08 August 2015

On the Problem with Long-Winded Prayers

[[Dear Sister, why would Jesus prohibit long prayers with many words? And if God knows what we need before we pray, why do we pray at all? Do you have a favorite prayer you use every day?]]

I think you are referring to Matthew's instruction on prayer, no? The answer, I think has several aspects. The first is a matter of history and especially of the concern with idolatry. You see when Matthew's gospel was written belief in the power of prayer was tenuous. Folks did believe if they called on God by name God would be forced to answer but this was a far cry from turning oneself over to God in trusting submission. As a result however, people developed lists of all of the names of gods (or God) known. These "magic papyri" were then taken and someone would stand on the equivalent of the street corner and read off all the names believing that a prayer would be answered of the correct name was used; to know and call upon one's name indicated power over that person. This long-winded usage is more that of incantation than it is one of genuine invocation because one was not really calling upon God by name in trust and intimacy! In any case, the first reason for Matthew-Jesus' instructions was a way of weaning folks from this magical or superstitious and idolatrous approach to prayer and the use of God's name. (And of course this was buttressed by the invocation of the prayer which allowed us to call upon God as Abba --- the name of God Jesus used in a unique sense.)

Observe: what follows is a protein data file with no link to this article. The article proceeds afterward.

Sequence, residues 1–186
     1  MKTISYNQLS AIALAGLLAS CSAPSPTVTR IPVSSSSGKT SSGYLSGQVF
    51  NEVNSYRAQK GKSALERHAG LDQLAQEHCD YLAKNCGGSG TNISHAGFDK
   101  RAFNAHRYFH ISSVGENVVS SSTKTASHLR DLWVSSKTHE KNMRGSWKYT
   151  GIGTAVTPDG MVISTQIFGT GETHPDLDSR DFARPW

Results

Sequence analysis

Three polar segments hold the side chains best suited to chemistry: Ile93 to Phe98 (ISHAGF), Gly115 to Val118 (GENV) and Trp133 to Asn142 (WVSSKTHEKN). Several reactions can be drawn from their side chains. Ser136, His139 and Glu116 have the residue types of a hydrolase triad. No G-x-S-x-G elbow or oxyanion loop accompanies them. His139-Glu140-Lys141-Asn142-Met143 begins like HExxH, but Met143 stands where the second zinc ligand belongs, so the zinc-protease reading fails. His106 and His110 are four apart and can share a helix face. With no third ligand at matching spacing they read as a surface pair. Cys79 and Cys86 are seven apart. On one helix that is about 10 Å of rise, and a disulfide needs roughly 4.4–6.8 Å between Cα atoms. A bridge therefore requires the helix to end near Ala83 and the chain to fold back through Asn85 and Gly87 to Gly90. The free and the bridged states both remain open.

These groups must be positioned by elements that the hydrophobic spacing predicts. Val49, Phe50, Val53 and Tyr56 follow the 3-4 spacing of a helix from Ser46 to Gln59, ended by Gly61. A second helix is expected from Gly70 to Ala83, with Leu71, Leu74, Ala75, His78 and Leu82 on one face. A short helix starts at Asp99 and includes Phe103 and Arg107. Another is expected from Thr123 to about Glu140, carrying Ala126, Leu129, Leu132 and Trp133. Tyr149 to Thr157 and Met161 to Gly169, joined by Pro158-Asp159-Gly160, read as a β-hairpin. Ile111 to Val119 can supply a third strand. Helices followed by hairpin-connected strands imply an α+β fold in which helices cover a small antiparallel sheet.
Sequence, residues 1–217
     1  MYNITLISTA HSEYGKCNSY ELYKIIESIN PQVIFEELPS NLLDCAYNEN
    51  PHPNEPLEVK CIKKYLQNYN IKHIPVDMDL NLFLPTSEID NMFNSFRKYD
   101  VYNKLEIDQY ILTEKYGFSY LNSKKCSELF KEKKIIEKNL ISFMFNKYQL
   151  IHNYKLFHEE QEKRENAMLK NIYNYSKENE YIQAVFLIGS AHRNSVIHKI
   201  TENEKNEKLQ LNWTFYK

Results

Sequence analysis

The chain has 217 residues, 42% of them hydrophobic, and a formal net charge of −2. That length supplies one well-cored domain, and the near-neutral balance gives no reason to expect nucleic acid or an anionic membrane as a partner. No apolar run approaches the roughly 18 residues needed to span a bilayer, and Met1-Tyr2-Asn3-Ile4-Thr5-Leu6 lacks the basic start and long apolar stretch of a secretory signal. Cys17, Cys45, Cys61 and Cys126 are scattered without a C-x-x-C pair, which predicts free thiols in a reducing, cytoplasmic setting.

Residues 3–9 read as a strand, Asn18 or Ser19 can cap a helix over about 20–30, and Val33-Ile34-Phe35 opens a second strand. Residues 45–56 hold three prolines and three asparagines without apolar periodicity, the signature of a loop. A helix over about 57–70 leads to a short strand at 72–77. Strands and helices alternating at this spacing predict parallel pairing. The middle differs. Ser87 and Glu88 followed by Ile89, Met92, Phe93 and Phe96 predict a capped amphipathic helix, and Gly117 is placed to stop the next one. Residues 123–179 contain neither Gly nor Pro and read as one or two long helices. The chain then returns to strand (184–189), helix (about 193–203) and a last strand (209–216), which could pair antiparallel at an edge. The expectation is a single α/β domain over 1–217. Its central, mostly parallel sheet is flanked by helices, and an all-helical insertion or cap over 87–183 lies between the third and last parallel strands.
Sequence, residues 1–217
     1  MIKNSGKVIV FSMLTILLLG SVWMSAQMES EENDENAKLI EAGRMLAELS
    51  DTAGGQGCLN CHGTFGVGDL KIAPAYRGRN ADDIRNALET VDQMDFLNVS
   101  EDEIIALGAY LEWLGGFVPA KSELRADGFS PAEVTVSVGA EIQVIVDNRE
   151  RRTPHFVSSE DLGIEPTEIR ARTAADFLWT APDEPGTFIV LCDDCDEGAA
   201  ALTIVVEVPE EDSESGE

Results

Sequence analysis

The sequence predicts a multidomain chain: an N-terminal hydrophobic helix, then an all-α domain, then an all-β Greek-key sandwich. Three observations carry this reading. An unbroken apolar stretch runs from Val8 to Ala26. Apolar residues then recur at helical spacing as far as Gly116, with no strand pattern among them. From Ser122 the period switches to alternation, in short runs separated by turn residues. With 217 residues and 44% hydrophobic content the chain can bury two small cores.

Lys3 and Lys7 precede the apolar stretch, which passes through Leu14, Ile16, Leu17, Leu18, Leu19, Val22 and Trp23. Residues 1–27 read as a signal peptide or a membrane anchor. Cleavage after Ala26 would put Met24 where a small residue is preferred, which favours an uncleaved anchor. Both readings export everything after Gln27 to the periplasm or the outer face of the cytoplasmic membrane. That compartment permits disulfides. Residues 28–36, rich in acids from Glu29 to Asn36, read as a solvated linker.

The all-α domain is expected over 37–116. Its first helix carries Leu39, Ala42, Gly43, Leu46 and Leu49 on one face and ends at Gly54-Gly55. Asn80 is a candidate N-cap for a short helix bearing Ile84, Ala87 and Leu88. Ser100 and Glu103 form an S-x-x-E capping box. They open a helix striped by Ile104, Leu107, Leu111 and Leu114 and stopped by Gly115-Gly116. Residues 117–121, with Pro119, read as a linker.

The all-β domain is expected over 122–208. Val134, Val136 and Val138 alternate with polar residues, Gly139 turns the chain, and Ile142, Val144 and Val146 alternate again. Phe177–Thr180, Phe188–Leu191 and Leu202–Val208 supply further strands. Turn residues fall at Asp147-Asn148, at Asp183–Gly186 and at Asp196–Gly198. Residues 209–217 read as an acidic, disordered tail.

The second reason has to do with distraction and focus. When we go on and on in our prayers, when, that is, we talk and talk it is a good deal harder to stay in touch with our deepest feelings and sense of neediness. (Partly this is because these may well be beyond words. Partly it is because naming specific aspects of this neediness can cause other aspects to be excluded from consciousness and our prayer.) Moreover, we may simply become enamored of hearing our own prayer and in a related vein, we may be more focused on our own piety, etc., than we actually are on God. If you pay attention to yourself and your own inner situation in prayer sometime, note how reading a long rote prayer or waxing on with your own prayer becomes less about God and more about yourself, your concerns with whether you have said it all, said it well enough, impressed God with your need or your devotion or your eloquence, etc. Note also how diffused or weakened your sense of profound need has become, how other things take the place of the one overarching concern that caused you to turn to God in the first place.

I used the picture of the Prodigal Son and Father above here because one thing that is really striking to me in light of this conversation is how the Father cuts off the son's long and rehearsed speech of "repentance". It is not that the Father does not listen, but that he really accepts the son more fully and profoundly than the son's proposal would have allowed for. You see when I read the proposed speech I hear the Son distancing himself further and further from the deep and complete sense of sorrow, contrition, and unworthiness he feels (or felt initially!).